More than 2,000 people were injured in the quake.

Ecuador’s President Rafael Correa warned that the death toll was likely to rise, and said there were still people alive under the rubble of collapsed buildings. He said it was the biggest tragedy to hit Ecuador in the past seven decades.

The president visited some of the people affected by the disaster after cutting short a visit to Italy to return to his home country.

“I fear that figure will go up because we keep on removing rubble,” Rafael Correa said in a TV address.

“There are signs of life in the rubble, and that is being prioritized.”

Rafael Correa warned that the quake will cost Ecuador billions of dollars. It comes at a time when the oil-producing country is already reeling from the slump in global crude prices.

Correspondents say that while Ecuador’s energy industry survived the quake mostly intact – the main refinery of Esmeraldas was closed as a precaution – exports of bananas, flowers, cocoa beans and fish could be delayed because of impassable roads and hold-ups at ports.

Foreign Minister Guillaume Long praised those nations which had contributed to the rescue effort.Ecuador earthquake 2016

Guillaume Long tweeted that as many as 120 mobile rescue teams would be on the ground by Tuesday morning.

The magnitude-7.8 quake struck on April 16. Coastal areas in the north-west were closest to the epicenter. There have been about 230 aftershocks across the country.

A state of emergency has been declared and some 10,000 troops and 3,500 police have been deployed in the affected areas.

In Pedernales, close to the epicenter, as many as 400 people are feared dead. Mayor Gabriel Alcivar said the “entire town” had been flattened.

“Pedernales is devastated. Buildings have fallen down, especially hotels where there are lots of tourists staying. There are lots of dead bodies,” he told local media.

“We’re trying to do the most we can but there’s almost nothing we can do,” Gabriel Alcivar added, warning that looting had broken out.

More than 600 people have been treated for injuries at tents in the town’s football stadium, with many others taken by ambulance or helicopter to regional hospitals. The stadium also served as a makeshift morgue, Reuters reported, with at least 90 bodies taken there.

Many residents of the town are due to spend the night sleeping outside on mattresses in muggy and tropical conditions and afraid of more aftershocks.

Firefighters conducted rescue operations in destroyed buildings, demanding silence so they could listen for cries for help.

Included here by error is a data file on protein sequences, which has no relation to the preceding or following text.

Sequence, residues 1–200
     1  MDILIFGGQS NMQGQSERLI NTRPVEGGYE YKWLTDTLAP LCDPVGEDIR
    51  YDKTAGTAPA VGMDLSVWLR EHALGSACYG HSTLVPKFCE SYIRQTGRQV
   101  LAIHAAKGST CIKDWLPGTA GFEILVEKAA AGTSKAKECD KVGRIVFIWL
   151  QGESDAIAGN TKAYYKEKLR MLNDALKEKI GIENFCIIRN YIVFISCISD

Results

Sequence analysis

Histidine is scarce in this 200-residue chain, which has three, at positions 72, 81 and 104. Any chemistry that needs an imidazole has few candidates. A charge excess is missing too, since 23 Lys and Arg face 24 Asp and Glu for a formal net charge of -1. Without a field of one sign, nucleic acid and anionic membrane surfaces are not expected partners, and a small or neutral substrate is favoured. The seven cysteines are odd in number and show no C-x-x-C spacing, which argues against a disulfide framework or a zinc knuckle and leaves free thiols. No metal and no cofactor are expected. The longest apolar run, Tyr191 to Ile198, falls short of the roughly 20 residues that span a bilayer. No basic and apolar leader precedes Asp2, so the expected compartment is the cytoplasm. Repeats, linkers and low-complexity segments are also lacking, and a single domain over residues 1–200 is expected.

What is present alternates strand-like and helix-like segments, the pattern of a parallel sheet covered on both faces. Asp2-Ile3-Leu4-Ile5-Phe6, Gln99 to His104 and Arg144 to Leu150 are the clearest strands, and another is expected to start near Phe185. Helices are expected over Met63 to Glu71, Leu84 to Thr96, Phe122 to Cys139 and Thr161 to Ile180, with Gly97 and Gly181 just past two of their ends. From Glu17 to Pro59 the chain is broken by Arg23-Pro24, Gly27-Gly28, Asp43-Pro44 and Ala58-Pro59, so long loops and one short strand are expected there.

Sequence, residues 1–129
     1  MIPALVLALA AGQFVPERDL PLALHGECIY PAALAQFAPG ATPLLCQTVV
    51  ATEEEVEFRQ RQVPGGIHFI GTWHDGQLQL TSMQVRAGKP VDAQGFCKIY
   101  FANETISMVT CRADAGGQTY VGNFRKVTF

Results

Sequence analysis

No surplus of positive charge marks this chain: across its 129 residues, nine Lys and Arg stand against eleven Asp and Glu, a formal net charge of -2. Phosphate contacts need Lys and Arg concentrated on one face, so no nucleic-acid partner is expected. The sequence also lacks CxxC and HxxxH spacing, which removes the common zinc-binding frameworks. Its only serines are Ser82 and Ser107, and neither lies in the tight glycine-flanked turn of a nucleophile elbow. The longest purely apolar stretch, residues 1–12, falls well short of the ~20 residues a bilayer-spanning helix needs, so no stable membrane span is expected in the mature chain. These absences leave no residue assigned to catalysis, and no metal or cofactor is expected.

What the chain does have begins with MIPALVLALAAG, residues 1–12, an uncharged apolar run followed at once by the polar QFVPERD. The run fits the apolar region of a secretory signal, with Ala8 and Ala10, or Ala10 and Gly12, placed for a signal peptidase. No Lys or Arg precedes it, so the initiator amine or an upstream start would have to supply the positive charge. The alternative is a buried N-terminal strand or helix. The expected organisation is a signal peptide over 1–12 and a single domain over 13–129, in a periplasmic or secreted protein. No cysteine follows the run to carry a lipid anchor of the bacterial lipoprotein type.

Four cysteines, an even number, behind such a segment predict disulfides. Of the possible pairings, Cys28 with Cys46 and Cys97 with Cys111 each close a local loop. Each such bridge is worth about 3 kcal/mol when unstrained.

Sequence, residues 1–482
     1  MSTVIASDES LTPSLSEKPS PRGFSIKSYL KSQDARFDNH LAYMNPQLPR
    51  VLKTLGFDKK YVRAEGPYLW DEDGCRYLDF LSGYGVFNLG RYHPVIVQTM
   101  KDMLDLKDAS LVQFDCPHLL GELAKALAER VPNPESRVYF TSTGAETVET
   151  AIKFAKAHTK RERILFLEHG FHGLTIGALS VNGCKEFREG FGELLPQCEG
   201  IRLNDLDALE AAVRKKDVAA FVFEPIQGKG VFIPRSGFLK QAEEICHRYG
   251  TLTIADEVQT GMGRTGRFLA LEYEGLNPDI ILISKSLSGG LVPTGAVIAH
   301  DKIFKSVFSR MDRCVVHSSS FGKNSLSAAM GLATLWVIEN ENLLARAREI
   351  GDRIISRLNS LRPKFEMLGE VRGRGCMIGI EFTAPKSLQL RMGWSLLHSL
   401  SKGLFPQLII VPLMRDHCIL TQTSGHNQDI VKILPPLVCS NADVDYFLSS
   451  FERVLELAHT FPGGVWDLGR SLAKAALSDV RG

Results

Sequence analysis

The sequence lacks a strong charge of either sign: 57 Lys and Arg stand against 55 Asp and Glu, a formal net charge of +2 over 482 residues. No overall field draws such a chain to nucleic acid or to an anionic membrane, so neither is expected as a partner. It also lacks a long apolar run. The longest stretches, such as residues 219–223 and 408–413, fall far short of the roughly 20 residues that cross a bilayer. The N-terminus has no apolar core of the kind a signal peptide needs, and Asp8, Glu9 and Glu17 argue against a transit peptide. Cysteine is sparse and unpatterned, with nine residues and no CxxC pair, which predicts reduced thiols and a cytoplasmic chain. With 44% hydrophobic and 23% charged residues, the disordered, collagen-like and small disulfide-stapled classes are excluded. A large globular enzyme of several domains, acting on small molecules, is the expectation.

Meanwhile, queues for essential supplies such as bottled water, blankets and food formed around the stadium’s walls, as residents complained that electricity shortages were preventing them from using mobile phones to contact loved ones.

More than 1,000 policemen are patrolling the streets of Pedernales ahead of an expected visit by the president.

The quake cut power supplies along the coast. With too few emergency shelters, many residents have spent two nights out in the open.

In Portoviejo, where looting was reported, about 400 residents gathered at the city’s former airport to queue for water and other supplies.

The US Geological Survey (USGS) said the earthquake struck at a fairly shallow depth of 11.9 miles, about 16 miles from Muisne in a sparsely populated area.

The quake was also felt in neighboring Colombia.

Scientists say there is no connection between the quake in Ecuador and a severe tremor in southern Japan, which also occurred on April 16.

The Ecuadorian conservation plan that would have paid the country not to drill for oil in previously untouched parts of Yasuni National Park in the Amazon rainforest has been abandoned.

President Rafael Correa said rich nations had failed to back the initiative, leaving Ecuador with no choice but go ahead with drilling.

The park is one of the most biodiverse areas in the world.

Hundreds of people gathered in Quito to protest against Rafael Correa’s decision.

Oil exploitation has been taking place in parts of the Yasuni National Park, which covers nearly 3,860 sq miles, since the 1970s.

Oil is Ecuador’s main export. Exploitation of the new area is expected to start in the coming weeks.

The UN-backed scheme to attract donations to forego drilling in the east of the park was launched by Rafael Correa in 2010.

The aim was to raise $3.6 billion, 50% of the value of the reserves in the park’s Ishpingo-Tambococha-Tiputini (ITT) oil field, over 13 years.

But in a televised news conference on Thursday, Rafael Correa said the initiative had attracted only a fraction of the cash it had aimed to raise.